SAN FRANCISCO (AP) — A San Francisco judge said Wednesday she is considering tossing out the lion’s share of the $289 million judgment against agribusiness giant Monsanto and ordering a new trial over whether the company’s weed-killer caused a groundskeeper’s cancer.
San Francisco Superior Court Judge Suzanne Bolanos didn't formally rule on any issues after a two-hour hearing to consider Monsanto's demand to toss out the entire jury verdict in the first of thousands of similar cases across the country to go to trial.
The San Francisco jury in August said Monsanto knew — or should have known — its best-selling Roundup weed-killer causes cancer and hit the company with $250 million in punitive damages, which are designed to punish companies who act recklessly. The jury also awarded DeWayne Johnson $33 million in so-called "pain-and-suffering" damages and $6 million in actual damages.
But Bolanos issued a written tentative ruling ahead of the hearing saying she intended to strike down the punitive damages and schedule a new trial on that issue.
During the hearing, Bolanos also said she was troubled by the $33 million in "non-economic" pain-and-suffering damages the jury awarded. Johnson's lawyer argued for $1 million a year for the next 33 years. But Monsanto's lawyers argued that Johnson is expected to live for two more years — an argument that appeared to resonate with Bolanos who mulled out loud about fashioning an order reducing the entire verdict to under $9 million.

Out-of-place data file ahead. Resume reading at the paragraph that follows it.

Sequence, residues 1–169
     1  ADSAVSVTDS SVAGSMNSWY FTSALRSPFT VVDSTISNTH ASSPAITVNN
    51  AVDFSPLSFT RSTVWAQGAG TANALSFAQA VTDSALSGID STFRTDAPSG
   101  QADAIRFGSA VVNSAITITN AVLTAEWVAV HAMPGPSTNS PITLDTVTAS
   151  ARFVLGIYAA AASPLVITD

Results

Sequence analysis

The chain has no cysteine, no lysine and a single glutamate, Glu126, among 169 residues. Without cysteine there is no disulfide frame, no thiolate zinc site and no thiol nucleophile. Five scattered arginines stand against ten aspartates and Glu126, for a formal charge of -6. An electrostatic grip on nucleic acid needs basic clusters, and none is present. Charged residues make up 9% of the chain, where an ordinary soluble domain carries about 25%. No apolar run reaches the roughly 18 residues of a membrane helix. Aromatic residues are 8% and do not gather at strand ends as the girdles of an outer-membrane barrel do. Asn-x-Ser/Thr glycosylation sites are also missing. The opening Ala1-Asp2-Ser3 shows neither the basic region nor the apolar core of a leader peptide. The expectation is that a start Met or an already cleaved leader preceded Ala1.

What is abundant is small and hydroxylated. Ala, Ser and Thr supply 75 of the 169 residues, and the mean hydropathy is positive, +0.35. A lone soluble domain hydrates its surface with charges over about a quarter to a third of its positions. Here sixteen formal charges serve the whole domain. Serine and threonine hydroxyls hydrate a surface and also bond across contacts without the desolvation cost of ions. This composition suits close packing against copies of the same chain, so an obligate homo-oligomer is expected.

Ultimately, Bolanos ordered lawyers to submit written argument by Friday and said she would rule after that.
Johnson and his lawyers left court without comment. So did Monsanto's legal team.
However, Bayer AG, which acquired Monsanto in June, said it agreed with the judge and "continues to believe that the evidence at trial does not support the verdict and the damage awards."
"The jury's verdict was wholly at odds with over 40 years of real-world use, an extensive body of scientific data and analysis ... and approvals in 160 countries, which support the conclusion that glyphosate-based herbicides are safe when used as directed and that glyphosate is not carcinogenic," Bayer's statement said.
"Tentative rulings are common in California and it's rare for judges to reverse themselves," said David Levine, a professor at the University of California's Hastings Law School in San Francisco.
During the hearing, the judge said she was concerned with improper statements Johnson's lawyer Brent Wisner made during his closing arguments. Despite the judge's order not to, Wisner compared Monsanto to tobacco companies and said company executives would be drinking champagne in their boardroom if the jury sided with the St. Louis-based company.
The judge admonished the jury to disregard those comments at the time, but wondered Wednesday if they entitled Monsanto to a new trial.
"It was intentional and purposeful," Monsanto attorney George Lombardi argued.
Johnson's lawyer Michael Miller said the judge's admonition during the closing arguments was sufficient.
“The jury did not miscarry justice,” Miller said. “Its decision was unanimous. It should be respected.”